Like its target audience, Moosejaw has embraced text messaging. "We see lots of our customers texting people who are standing right next to them," Robert Wolfe says. Moosejaw offers to text its customers tracking information for their orders. Wolfe estimates one in five sign up.

On the back end, Moosejaw has used Retail Backbone to overhaul the way it programs promotions on the site and in shopping engines so its marketing department can handle things without bothering programming staff. The company recently offered free two-day air shipping on all North Face products. The promotion came up with every search that included North Face items, and was included in all affiliate marketing.

It`s not always about efficiency, though. Each customer who posts a product review gets a personal note. "That`s one thing we don`t automate," Wolfe says. Back to Top

A new foundation
Visitors to over the past year have seen several new features. The sporting goods site swapped a proprietary search engine for one from Mercado Software Inc., giving shoppers a wider variety of search options. It also introduced customer reviews and revised product pages to give shoppers more information on products.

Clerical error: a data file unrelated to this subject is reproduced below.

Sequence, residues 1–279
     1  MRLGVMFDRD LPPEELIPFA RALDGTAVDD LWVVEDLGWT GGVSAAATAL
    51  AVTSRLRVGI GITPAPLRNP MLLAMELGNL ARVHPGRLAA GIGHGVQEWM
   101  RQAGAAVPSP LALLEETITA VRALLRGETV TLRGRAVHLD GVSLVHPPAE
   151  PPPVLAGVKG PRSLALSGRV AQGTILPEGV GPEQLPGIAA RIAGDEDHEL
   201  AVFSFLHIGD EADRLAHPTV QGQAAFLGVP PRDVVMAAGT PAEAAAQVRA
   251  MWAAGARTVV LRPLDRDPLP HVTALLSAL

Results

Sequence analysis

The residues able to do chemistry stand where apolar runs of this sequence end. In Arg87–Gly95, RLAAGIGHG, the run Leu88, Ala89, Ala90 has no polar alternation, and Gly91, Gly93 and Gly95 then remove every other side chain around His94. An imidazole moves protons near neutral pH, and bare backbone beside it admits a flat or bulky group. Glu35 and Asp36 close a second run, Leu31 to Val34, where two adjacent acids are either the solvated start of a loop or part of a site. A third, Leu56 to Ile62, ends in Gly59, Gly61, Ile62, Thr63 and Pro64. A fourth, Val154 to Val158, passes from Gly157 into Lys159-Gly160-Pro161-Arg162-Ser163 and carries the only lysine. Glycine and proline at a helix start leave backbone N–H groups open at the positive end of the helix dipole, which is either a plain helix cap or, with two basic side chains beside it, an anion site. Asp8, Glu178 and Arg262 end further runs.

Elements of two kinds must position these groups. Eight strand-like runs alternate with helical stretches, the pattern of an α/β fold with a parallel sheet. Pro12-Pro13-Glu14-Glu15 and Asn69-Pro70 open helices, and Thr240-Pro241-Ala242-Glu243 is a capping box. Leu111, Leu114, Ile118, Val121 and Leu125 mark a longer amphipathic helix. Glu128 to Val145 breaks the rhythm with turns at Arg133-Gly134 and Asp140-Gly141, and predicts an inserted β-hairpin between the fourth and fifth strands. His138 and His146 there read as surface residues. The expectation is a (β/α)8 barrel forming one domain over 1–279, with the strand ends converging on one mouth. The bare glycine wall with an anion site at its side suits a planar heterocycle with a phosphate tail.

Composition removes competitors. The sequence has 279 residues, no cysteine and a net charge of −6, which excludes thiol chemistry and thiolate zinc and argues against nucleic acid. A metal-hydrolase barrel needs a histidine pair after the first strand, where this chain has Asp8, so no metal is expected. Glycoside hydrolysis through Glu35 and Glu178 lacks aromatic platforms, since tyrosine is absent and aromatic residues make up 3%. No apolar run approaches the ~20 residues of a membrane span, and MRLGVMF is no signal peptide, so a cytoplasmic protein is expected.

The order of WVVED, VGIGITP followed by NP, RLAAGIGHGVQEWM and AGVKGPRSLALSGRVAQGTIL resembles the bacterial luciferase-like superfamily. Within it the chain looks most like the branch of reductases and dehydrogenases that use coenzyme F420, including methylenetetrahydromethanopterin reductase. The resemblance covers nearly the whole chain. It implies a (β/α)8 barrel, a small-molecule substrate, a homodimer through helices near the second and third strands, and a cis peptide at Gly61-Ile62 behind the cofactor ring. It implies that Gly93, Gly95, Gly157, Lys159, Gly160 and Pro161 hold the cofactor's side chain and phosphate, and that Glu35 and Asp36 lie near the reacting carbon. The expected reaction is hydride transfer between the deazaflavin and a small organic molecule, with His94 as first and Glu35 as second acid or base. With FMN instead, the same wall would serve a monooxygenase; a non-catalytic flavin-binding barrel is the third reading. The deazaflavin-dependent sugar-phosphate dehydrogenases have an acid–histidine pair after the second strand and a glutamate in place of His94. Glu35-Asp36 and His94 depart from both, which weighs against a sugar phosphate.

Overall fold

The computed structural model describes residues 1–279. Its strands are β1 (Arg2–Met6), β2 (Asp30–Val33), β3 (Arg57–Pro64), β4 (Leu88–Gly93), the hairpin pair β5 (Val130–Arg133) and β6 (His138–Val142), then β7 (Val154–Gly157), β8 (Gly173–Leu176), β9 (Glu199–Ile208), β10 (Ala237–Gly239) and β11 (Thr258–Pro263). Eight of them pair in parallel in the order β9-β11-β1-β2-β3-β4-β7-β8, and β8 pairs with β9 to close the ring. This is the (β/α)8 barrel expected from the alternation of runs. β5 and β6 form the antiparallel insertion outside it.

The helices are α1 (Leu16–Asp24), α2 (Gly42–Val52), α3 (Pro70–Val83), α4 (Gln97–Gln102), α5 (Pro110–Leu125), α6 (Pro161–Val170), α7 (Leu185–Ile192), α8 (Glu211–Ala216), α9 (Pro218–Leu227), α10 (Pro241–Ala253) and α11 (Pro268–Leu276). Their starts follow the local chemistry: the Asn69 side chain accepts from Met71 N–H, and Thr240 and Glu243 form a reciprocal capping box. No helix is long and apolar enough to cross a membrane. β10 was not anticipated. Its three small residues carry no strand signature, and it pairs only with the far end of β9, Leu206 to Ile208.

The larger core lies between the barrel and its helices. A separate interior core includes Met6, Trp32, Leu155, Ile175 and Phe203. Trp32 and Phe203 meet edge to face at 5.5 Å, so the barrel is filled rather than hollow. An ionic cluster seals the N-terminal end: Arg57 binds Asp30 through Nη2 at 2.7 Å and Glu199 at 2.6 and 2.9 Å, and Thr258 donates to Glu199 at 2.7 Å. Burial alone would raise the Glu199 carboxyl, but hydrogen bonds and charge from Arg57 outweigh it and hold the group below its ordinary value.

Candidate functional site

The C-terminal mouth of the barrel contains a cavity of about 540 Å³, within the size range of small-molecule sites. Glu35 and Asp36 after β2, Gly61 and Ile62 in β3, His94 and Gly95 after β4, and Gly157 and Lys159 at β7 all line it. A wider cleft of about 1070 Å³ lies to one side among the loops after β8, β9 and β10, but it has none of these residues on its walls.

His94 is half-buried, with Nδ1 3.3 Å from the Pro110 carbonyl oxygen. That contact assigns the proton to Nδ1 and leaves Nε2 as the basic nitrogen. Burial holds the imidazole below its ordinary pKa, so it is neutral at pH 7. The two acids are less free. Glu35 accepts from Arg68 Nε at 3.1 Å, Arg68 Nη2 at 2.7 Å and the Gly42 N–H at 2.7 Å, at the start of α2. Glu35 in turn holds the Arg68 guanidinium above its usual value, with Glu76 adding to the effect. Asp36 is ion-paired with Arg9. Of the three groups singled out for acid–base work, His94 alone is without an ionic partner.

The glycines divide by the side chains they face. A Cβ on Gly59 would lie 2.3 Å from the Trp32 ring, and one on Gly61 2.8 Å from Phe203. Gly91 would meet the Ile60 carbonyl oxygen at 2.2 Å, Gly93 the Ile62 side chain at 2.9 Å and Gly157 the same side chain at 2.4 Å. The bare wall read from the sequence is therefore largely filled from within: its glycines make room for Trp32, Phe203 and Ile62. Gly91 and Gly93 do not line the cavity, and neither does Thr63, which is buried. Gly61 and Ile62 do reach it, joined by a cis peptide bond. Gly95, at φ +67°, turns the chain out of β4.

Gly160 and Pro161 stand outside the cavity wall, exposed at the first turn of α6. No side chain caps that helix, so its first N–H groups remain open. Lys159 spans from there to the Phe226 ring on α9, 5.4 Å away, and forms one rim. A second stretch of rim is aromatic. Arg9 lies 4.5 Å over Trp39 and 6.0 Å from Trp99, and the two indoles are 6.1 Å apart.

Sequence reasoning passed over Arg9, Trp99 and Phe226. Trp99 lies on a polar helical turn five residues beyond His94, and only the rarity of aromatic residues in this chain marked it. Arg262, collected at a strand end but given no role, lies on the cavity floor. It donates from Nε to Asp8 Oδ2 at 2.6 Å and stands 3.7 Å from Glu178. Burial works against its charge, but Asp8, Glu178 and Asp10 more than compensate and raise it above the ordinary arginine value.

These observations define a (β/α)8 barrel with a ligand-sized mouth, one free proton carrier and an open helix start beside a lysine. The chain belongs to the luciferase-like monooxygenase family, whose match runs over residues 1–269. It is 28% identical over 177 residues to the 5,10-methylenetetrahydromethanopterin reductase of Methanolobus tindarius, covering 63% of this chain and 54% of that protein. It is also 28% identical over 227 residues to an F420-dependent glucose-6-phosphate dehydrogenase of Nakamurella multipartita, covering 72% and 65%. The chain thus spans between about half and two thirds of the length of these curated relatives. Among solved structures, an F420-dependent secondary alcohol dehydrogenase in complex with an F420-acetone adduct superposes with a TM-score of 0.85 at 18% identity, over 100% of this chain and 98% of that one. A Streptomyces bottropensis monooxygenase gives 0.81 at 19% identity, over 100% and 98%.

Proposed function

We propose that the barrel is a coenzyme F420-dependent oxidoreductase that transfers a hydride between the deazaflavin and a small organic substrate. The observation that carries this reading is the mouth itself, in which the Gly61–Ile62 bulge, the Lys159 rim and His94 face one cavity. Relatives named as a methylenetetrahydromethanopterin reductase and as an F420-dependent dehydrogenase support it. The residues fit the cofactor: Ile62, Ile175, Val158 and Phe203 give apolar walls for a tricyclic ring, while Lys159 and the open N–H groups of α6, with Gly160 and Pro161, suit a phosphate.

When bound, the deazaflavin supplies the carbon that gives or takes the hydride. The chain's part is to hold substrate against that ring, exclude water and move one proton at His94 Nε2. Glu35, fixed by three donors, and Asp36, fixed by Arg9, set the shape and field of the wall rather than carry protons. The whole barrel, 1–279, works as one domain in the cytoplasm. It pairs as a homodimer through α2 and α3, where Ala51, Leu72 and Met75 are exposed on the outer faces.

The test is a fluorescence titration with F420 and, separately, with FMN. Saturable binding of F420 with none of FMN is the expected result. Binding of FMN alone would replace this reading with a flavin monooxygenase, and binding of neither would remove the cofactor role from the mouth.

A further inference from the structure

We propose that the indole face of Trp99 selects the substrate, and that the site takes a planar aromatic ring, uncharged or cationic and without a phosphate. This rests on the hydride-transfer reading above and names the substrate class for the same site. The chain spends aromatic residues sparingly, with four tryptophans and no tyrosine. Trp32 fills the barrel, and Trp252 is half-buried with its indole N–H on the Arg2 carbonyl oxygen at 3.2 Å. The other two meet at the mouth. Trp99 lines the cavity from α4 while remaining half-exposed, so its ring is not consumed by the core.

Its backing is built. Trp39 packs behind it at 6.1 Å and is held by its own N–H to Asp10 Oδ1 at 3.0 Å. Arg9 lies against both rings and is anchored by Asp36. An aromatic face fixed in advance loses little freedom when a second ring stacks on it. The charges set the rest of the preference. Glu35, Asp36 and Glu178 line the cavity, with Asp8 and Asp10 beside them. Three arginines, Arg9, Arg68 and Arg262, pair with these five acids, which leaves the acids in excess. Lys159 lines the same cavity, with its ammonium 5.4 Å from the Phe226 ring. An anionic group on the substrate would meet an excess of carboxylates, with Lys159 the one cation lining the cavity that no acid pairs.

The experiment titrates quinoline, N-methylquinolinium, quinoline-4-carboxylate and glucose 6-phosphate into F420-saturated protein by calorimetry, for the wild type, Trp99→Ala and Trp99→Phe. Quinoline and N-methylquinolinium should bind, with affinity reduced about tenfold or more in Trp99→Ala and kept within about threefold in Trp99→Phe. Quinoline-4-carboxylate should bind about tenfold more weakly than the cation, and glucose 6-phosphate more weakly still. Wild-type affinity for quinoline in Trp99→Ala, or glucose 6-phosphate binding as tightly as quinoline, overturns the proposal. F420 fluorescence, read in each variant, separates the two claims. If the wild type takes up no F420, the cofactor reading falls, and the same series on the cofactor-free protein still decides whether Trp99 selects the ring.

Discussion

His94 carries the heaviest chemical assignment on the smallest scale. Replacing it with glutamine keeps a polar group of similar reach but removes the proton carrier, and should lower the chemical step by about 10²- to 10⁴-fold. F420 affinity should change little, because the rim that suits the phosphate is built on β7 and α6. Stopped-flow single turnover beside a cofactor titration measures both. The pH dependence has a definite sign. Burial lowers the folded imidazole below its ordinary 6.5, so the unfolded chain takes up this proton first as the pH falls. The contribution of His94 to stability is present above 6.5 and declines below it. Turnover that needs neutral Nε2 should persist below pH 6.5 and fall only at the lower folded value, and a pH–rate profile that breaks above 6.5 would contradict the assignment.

But those changes are only laying the foundation for what Brad Brown, vice president of e-commerce and web strategy, says will be the first significant redesign of the site since 2003, beginning next spring.

The new site search capabilities from Mercado give shoppers the option of searching for products based on categories such as vendor, best selling and price. "We`re still experimenting with what makes sense for our shoppers," Brown says. "We`ll do more with the Mercado tool as time progresses," including upgrading the site`s navigation and merchandising capabilities.